Scale insects are often mistaken for fungal disease because many cluster together, resembling a crusty or fuzzy mass that often oozes when rubbed. Scale gets its name from the protective fish scale-like covering produced by a tiny insect about the size of a pencil tip. Scale insects anchor to plant parts by their piercing-sucking mouthparts and feed on plant sap. Individual scales may look like oval or rod-shaped bumps, ranging in color from white, yellow, grey, brown to black. These insects can be a major problem on many of our evergreen and deciduous trees and shrubs and can occur on leaves, twigs, branches or trunks.
Two Types Of Scale Insects
Soft Scales secrete a thin, waxy layer over themselves, which cannot be separated from the insect’s body. Because they consume large amounts of plant sap, soft scales excrete a sticky, sugary liquid called “honeydew” as a by-product of their feeding. Honeydew provides the perfect source for the growth of a black mold, called “sooty mold”. Large patches of sooty mold that blacken leaves and stems are often what draws attention to a scale problem. Soft scales range from 1/8 to 1/2 inch in size.
Armored Scales secrete a hard, lacquered covering over their bodies. This cover is not attached and can usually be separated from the scale’s body. They typically are smaller than soft scale, ranging from 1/16 to 1/8 inch. Armored scale insects do not excrete honeydew and so do not support sooty mold growth.
Though the biology differs for various scale species, understanding some general characteristics is helpful in controlling this insect. Immobile, legless females lay eggs under their bodies then die. Eggs hatch into tiny pinkish to yellow mobile immatures called “crawlers” that move around the plant seeking suitable sites to feed, secrete their scale covering, and mature to adulthood. Some species overwinter as eggs beneath the dead female's cover and hatch in the spring; others overwinter as fertilized females and resume feeding in the spring, when they lay eggs and die. Adult male scale insects are tiny and winged; do not feed; and live only a few hours. Females of many soft scale species reproduce without mating. Armored scales are more likely to have several generations per year while most soft scales have only one.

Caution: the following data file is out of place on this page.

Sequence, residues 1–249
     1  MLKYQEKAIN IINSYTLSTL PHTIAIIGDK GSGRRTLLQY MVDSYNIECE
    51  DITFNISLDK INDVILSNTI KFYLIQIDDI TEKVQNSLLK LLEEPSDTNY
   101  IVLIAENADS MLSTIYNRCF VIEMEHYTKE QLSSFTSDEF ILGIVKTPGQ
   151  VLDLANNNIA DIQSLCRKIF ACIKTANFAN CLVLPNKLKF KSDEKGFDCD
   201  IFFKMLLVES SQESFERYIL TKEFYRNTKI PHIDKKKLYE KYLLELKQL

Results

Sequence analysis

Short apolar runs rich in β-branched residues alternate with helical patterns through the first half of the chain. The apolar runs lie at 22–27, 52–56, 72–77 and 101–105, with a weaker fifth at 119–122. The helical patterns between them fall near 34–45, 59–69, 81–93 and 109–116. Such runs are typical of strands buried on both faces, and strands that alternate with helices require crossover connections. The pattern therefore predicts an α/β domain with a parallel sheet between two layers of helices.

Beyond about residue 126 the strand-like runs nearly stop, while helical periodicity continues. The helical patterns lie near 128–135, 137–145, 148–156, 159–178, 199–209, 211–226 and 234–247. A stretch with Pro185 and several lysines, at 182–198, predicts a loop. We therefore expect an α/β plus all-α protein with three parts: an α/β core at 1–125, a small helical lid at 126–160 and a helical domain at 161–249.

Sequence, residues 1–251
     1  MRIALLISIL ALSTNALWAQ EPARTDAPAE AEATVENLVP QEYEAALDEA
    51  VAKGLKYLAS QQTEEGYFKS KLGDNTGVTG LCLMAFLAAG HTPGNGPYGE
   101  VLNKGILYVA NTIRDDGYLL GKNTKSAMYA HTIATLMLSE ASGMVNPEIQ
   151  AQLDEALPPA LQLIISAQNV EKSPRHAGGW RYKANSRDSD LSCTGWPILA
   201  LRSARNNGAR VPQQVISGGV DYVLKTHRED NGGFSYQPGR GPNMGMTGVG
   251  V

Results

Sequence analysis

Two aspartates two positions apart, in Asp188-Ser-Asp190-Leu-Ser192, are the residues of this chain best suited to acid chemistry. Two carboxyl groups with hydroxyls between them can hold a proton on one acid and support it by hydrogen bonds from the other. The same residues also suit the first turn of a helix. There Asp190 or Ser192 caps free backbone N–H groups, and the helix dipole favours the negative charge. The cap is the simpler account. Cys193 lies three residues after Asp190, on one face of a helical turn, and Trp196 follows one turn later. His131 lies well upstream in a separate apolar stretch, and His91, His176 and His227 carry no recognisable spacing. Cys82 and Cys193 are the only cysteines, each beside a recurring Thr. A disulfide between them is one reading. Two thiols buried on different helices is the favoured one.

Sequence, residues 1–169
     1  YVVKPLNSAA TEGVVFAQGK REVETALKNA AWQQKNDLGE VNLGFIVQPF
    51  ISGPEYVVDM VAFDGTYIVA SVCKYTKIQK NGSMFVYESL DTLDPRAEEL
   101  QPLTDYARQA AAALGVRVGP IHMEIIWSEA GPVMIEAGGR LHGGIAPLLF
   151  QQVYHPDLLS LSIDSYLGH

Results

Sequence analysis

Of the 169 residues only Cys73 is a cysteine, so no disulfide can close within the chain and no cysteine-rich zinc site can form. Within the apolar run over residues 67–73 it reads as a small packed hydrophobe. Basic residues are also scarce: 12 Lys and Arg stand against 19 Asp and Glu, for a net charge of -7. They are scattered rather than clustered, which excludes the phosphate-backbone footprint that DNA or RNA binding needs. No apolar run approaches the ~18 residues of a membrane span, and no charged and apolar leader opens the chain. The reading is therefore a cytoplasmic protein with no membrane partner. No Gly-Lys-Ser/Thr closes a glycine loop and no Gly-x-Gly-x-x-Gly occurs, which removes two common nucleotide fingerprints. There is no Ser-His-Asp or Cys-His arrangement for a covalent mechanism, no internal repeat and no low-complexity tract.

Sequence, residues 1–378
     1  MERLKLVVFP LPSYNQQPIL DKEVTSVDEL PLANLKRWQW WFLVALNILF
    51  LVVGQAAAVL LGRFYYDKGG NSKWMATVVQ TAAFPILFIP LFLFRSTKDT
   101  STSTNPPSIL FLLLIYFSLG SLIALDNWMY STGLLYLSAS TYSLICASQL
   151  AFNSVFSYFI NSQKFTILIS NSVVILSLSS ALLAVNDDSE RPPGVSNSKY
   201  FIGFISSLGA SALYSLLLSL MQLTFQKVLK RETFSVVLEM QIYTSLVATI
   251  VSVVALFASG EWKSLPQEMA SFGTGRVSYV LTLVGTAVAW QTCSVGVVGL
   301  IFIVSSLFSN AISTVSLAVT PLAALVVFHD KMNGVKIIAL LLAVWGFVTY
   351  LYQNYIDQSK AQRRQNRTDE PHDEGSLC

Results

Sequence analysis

Scale insects obtain food by sucking vital fluids from the host plant, causing yellowing and possibly stunted growth of the affected leaves or needles. A heavily infested plant will have extensive leaf yellowing, premature leaf drop, and possibly branch dieback. A plant weakened by a scale population is often more susceptible to damage by a secondary pest that may ultimately kill the plant.
Although sooty mold growth does not damage the plant, it looks unsightly and in large amounts can interfere with photosynthesis, slowing plant growth.
The best defense against severe scale infestations is to monitor landscape plants weekly throughout the year, paying close attention to the undersides of leaves and stems for scale, and avoid over-fertilization. Insects often lay more eggs and survive better on plants that are lush from heavy doses of nitrogen.
Control of Sooty Mold
Sooty mold can be washed off, but not easily. It washes off and weathers away better following horticultural oil applications.
Smothering scale insects by applications of horticultural oil is the easiest and often the most effective means of control. There are numerous types of oils, each with different temperature capabilities. There are some ultra light oils that can be used during the growing season, but it is critical to read the label carefully for guidelines on plant sensitivity and temperature restrictions. Most contact insecticides cannot penetrate the protective covering of the immobile scale nymphs and adults. Only the crawler stage is susceptible to contact insecticides. Systemic insecticides may provide control of soft scales, but is generally not effective for armored scales.
For specific recommendations contact your local County Extension Agent.
Prepared by Nancy Palisin, Ag Science Assistant and Carlin Munnerlyn, County Extension Agent, Georgetown County Extension Office, Clemson University.
EIIS/TO-23 (New 10/2004).
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